Flat Chat Forum Common Property Current Page

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  • #57341
    Borednow
    Flatchatter

    I live in a 2 storey Sydney apartment- built in the 70s. The original balcony was enclosed (lower floor) with glass windows & a roof in the 80s (DA approved). We currently look out from the top level to the roof of the enclosed balcony below. The roof isn’t common property (because the whole roof was redone recently & the strata didn’t include ours in the upgrade). The downpipes / gutters were done tho.
    We are on the top floors no one above us. There will be no change to anyone’s views behind us other than a glass balustrade.

    We are be proposing a new structure (demolition of old & rebuild with lighter material but with a balcony above instead of flat roof). We will have exclusive use of the roof as no one else can get to it other than us from top floor.

    guessing that’s a lot to visualize !  It’s an odd predicament as we it’s not common property exactly. We have been told anything above 2.44 meters is not “ours” but I’ve read it can be infinity?

    commercial calculations are going to be interesting to ascertain a price we are to pay for the roof. Presuming the OC are even going to allow it.

    Would appreciate any  advice on how best to approach this?

Viewing 5 replies - 1 through 5 (of 5 total)
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  • #57353
    Jimmy-T
    Keymaster

    If your proposed roof intrudes into the common property airspace (2.44 metres above the floor) then you have to pay the owners corp compensation.  The calculations for that (as established in the High Court)  is the estimated or agreed difference between the value of the property before the addition and after it, minus all the costs of  the work, including legals, archistects fees, DA submissions and building work.

    In other words, if you increase the value of your propery by $50k and it  costs you $30k to build, with all legals etc included, you should offer the owners corp $20K.

    You will get the use of the improved property, plus a share of the value when you money drops into your Admin fund.

    #57750
    Borednow
    Flatchatter
    Chat-starter

    Thank you so much for your response. Sorry for the delay, had issues logging back in & spam.

    One more quick question – when you say “the value of the property” is that generally a bank valuation?

    Also, attached a picture so you get the idea of where the current balcony is now (further right of the image) which will have the enlcosed balcony on top of it.Rear-view-u33_3_sml

    #57766
    Sujenna
    Flatchatter

    The valuation is generally by an independent valuer. You may be asked to get (and pay for) three individual valuations and an average taken as a cost estimate. The bank may require a valuation if you are seeking finance on this  venture. If you have the cash stashed and are not seeking to finance this, then the bank is not involved.

    You need to have other residents on side with your proposal as you can expend all of the fees having a DA approved, architect plans drafted, structural engineers report supplied and builders lined up, only to find one dissenting owner (usually a solicitor), stymie your plans. This is what happened in the void cavity occupancy proposal below over the placing of a small window in the back wall for another bedroom. Plus your levies might increase with the extra space.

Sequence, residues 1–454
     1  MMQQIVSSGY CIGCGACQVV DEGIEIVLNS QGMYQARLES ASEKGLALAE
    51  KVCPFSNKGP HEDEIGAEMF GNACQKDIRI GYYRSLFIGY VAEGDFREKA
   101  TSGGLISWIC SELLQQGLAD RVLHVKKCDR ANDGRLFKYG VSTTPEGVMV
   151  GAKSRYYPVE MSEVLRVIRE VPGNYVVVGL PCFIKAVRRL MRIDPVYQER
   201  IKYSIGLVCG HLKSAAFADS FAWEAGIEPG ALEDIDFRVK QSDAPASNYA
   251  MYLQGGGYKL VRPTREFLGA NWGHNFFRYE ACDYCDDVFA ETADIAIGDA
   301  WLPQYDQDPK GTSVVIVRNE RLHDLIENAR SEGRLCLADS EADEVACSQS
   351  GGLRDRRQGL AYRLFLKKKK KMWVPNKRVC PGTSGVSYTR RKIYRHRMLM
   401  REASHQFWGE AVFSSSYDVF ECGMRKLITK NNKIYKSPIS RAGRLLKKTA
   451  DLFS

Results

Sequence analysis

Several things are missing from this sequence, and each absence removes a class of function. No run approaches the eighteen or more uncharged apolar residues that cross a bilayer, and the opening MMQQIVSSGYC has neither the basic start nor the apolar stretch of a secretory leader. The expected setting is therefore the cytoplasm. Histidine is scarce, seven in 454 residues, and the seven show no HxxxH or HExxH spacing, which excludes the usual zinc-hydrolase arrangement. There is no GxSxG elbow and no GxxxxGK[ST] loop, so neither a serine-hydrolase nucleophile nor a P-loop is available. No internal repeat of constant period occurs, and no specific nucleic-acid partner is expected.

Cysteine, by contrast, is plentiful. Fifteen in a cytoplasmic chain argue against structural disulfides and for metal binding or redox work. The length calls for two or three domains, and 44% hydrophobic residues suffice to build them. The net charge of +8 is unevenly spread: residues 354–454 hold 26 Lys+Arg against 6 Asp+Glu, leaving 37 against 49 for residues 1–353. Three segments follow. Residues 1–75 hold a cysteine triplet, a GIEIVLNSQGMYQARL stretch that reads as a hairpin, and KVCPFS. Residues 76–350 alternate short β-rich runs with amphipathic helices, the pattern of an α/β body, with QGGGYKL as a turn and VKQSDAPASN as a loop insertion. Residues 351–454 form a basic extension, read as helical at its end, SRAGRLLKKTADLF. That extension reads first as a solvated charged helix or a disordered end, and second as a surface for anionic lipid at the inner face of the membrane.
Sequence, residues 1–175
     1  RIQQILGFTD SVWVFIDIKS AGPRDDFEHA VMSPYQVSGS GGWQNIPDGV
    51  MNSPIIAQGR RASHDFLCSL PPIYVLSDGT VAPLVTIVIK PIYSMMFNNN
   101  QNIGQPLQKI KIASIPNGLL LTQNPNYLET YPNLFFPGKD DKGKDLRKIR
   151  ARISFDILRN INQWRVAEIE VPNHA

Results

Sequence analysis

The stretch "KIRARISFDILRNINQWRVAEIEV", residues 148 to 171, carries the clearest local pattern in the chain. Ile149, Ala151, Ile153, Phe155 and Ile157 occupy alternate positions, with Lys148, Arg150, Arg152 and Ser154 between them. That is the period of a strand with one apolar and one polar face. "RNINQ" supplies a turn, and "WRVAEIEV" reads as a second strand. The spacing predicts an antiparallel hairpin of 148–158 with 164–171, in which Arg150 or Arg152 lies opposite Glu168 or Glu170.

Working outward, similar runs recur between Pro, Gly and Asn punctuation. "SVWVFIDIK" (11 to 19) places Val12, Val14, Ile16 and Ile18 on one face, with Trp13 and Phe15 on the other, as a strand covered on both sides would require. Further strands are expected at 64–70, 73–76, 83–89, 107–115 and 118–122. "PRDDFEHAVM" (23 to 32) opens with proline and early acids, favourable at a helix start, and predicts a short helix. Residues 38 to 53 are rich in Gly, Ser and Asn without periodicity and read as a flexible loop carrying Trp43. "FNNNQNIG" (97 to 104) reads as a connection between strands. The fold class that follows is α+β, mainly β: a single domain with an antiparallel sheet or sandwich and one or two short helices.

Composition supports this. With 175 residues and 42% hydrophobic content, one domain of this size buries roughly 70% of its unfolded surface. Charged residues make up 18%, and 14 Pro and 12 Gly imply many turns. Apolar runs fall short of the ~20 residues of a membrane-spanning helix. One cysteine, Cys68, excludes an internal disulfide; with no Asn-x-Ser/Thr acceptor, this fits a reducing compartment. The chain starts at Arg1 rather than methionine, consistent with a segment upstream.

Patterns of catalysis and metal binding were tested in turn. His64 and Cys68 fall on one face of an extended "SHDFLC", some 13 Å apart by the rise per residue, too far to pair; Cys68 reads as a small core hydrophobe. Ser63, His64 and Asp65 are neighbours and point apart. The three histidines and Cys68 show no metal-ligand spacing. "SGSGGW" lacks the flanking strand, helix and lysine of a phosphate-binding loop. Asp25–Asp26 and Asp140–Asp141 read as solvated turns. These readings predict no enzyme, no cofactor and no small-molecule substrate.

#57786
    kaindub
    Flatchatter

    The previous two posters did not mention that a reassessment of the strata will be required. That involves a surveyor to draw up new strata plans that include your additions, a new valuation of the unit entitlements , getting the motion passed to alter the strata scheme, and r hen registration of the scheme.

    It’s all at the cost of the owner.

    It’s not impossible and I’m certain it’s been done by a determined owner.

    But you need to go 8n with eyes wide open, be aware of all the costs and the hurdles you have to jump.

    As the previous poster said, you need to make sure that all owners are supportive and remain so for the duration.

    Remember that the new strata plan and revaluation occur after you have finished the build. You don’t want it to go pear shaped at that stage.

    Just consider whether this is a vanity project  or whether the  build  will add value to your property. (The answer is that it adds no value because you will pay the OC the increase in value) It may be easier to just purchase a property with the views you seek.

    #57789
    Jimmy-T
    Keymaster

    The previous two posters did not mention that a reassessment of the strata will be required… It’s all at the cost of the owner … it adds no value because you will pay the OC the increase in value.

    The calculation for payment to the owners corporation, as established by the High Court (I think) is:

    New value – (original value+cost of renovation, including legals).

    The cost of reassessing the unit entitlements may possibly be offset against the money paid to the owners corp.  And you certainly don’t have to pay the whole of the value of the improvement to the OC, just the net benefit.

    Also, the recalcualtion of the levies will only occur if an owner challenges this.  There are plenty of schemes where the levies are skewed out of shape to benefit some owners, but the cost (both financially and emotionally) of rectifying it means they are never challenged.

    Maintaining good relations with your neighbours and letting them see the benefits rather than just the drawbacks can work wonders.

    Leave it a couple of years and it will pay for itself.

     

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Flat Chat Forum Common Property Current Page